Boston architects, and built by Dillon Bros. of Milford as general contractors for Frank J. Dutcher of
Hopedale, was finished today after over a year’s steady labor by the artisans employed in its
The house is one of the most unique and beautiful residences in Hopedale, where handsome
houses abound, and its completion adds one more show place to the sights of Milford’s youngest
and most enterprising neighbor.
The house sets back a considerable distance from Adin Road, almost directly at the rear of Mr.
Dutcher’s old home, which was struck by lightning a few years ago. The older house will be torn down
soon, and its site will be graded over so that the view from the newer mansion will not be obstructed.
The new house is built upon a huge ledge of rock, much of which, at the front of the house, has
been left in its natural state, and this adds materially to the beauty of the surroundings.
The house itself is a marvel of the builder’s art. Approaching from the front one observes two
massive chimneys of fieldstone, on either side of the main entrance, which is gained through a broad,
roomy, covered porch. The house is shingled all over, two and one-half stories in height, with pitched
roof, and architecturally is fit to be compared with the finest homes in the vicinity.
The house consists of the main building, which is 65.2 by 34.6 feet, and a wing at the rear, which is
50.11 by 27.4 feet. It contains 21 rooms, five bathrooms, and five fireplaces. There are three fieldstone
chimneys, tow at the front and one at the rear.
The house is heated by a combination furnace and hot water arrangement, and is lighted
throughout by gas and electricity. There is a telephone in each room connecting with the
On the main floor is the living room or library, which opens directly onto the front covered porch,
which is 30 by 10 feet in dimension. The library is finished in redwood, with cornices. There are five
great bookcases fitted along the walls, and two inviting window seats. This room extends the entire
width of the house, being 33 by 18.11 feet in dimension.
Directly at the rear of the library is the reception room, 18 by 13.9 feet, and opening from this room,
at the south side is the billiard room, 20 by 18 feet, finished in Flemish oak.
The main hall at the north side of the house, and out of which the billiard room opens, is 33 by 17
feet, and the vestibule is 11.6 by 6.8 feet. From the hall opens the main stairway leading up to the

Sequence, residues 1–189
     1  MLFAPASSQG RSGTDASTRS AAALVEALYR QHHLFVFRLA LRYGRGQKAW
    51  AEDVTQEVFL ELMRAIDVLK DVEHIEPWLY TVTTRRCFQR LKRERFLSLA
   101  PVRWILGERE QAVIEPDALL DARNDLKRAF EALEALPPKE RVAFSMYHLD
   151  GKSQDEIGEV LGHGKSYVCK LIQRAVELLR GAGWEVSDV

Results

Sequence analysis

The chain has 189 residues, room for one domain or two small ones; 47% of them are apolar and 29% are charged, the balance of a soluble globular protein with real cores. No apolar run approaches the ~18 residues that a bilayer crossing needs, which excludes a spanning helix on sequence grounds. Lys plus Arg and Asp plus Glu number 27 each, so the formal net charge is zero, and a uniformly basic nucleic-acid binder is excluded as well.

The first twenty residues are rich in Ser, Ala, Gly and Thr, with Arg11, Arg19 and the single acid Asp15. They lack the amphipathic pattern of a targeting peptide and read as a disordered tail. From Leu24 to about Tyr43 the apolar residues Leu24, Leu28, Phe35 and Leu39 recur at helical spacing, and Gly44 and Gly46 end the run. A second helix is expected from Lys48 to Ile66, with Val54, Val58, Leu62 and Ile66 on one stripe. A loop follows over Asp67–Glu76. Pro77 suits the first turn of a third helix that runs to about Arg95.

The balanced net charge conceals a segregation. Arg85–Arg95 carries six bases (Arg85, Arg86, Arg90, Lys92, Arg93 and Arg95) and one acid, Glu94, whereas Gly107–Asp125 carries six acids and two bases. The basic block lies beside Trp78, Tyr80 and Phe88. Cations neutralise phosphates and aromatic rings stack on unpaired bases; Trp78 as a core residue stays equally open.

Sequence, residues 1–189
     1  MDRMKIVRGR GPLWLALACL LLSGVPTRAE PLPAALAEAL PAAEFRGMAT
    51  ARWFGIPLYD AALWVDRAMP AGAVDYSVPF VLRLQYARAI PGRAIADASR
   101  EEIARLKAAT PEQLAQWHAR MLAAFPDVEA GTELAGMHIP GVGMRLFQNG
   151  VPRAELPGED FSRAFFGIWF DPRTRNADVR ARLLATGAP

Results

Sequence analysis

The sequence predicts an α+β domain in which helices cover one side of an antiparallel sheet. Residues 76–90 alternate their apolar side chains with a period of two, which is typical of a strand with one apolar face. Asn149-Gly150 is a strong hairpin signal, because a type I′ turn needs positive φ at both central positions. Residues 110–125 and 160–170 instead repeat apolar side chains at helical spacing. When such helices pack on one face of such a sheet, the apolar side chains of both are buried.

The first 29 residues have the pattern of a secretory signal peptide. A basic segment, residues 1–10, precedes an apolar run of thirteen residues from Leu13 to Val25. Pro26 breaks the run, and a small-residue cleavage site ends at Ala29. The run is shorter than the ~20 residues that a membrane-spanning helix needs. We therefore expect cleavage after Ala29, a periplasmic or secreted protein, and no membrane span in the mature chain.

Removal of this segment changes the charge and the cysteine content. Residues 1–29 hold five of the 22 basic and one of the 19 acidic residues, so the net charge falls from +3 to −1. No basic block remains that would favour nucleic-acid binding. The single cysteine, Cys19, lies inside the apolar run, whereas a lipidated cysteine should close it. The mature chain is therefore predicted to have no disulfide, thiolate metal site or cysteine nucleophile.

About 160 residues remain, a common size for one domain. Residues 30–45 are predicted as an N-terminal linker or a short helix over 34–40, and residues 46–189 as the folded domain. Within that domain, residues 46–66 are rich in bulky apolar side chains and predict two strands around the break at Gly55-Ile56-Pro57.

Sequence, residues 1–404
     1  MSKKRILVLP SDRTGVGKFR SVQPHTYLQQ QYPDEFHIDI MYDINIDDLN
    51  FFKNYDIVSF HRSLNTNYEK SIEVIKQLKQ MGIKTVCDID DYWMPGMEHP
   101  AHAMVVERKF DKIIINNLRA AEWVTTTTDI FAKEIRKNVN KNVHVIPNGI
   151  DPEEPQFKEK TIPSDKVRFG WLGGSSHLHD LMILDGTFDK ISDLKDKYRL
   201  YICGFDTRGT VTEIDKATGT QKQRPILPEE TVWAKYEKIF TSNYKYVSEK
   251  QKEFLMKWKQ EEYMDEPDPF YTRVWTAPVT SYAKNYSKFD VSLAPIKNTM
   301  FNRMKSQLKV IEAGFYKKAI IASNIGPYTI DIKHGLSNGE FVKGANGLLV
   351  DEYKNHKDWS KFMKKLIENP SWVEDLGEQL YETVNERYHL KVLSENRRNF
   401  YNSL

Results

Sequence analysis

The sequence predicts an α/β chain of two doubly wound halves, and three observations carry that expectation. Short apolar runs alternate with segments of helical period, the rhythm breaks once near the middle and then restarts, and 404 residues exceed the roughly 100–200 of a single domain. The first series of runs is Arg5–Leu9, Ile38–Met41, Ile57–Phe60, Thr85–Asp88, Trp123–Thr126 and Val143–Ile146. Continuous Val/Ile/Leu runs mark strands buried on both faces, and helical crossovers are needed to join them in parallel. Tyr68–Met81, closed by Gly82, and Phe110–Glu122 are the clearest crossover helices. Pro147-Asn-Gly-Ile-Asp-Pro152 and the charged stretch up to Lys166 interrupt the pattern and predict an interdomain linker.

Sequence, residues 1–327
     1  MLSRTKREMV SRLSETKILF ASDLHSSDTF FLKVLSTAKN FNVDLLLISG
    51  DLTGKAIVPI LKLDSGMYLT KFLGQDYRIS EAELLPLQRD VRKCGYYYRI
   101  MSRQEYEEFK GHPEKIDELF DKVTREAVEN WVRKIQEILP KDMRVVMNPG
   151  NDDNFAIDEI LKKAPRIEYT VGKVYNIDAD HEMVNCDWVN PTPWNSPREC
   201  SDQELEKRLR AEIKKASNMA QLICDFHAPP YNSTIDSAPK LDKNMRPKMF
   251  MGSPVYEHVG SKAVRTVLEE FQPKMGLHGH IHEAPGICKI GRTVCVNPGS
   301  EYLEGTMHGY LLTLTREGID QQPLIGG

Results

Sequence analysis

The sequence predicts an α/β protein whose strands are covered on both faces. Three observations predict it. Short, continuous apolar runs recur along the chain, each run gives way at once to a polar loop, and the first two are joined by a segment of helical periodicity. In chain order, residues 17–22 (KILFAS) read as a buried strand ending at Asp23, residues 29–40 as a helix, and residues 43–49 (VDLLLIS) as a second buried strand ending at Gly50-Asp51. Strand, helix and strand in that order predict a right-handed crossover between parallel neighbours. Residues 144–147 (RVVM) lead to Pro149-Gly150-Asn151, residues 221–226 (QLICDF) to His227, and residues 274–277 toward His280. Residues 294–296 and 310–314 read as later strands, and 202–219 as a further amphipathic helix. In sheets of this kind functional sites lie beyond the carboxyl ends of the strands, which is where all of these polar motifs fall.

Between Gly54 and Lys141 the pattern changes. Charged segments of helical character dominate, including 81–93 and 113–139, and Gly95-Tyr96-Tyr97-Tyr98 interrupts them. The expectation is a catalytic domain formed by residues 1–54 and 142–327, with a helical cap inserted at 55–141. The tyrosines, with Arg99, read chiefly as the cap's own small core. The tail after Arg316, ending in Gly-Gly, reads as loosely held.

chambers above. The broad stairway is of colonial style, and is very handsome. A few feet away is a
small cupboard, built into the wall, showing an antiquity in its very outlines. This cupboard has been in
the Dutcher family for 150 years.
A small, superbly finished toilet room also leads off the main hall, and directly across is a closet
built for a telephone booth, which fills its mission admirably.
The dining room at the rear of the hall is perhaps the pleasantest room in the mansion. It is 18.7 by
24 feet, finished in dark red, and is lighted by an electric chandelier in the center and by gas and
electric fixtures on all four sides. The superb china closet, built into the western wall, is massive and
handsome. At the rear of this room are the kitchen and laundry, and on the north side are the closets
There is a rear porch, six by seven feet, and a side veranda 12 by 31 feet. Throughout the house all
of the floors are of hardwood. There is an elevator fro baggage and trunks, and a large unfinished
storeroom on the third floor.
On the second floor are the family chambers, four beautiful airy rooms and at the rear are the
servants’ quarters. On the third floor, in the main portion, are three guest chambers.
The interior decoration, which was done under the supervision of E.C. Beck of Boston, is artistic.
The halls are in white and the different rooms shaded so that a well nigh perfect scheme is evolved.
The successful completion of this fine contract by Dillon Bros., is another feather in the cap of
Milford’s most successful builders. Nothing that could add in the slightest to the comfort and
convenience of its inmates has been left undone by the designers of the home, and everything as
planned by the celebrated architects has been carried out by the builders. The mansion is said to
have cost in excess of $50,000.
Already some of the Dutcher effects have been installed, and at the end of the week the family will
be in possession of their new home. Milford Daily News, November 28, 1905.
There was a Dutcher home on this property from the 1860s until roughly 1900, when it was destroyed
by fire. The new home, Oakledge, was built in the shingle style on the outside. The architect for the
new home was Robert Allan Cook, (note this doesn't agree with the article above) and the landscape
architect was Warren Henry Manning, a protégé of the famous landscape architect Frederick Law
Olmstead. The home was a companion to Graceland, another Dutcher home still located at the
intersection of Adin and Dutcher streets across from the high school. The houses shared a carriage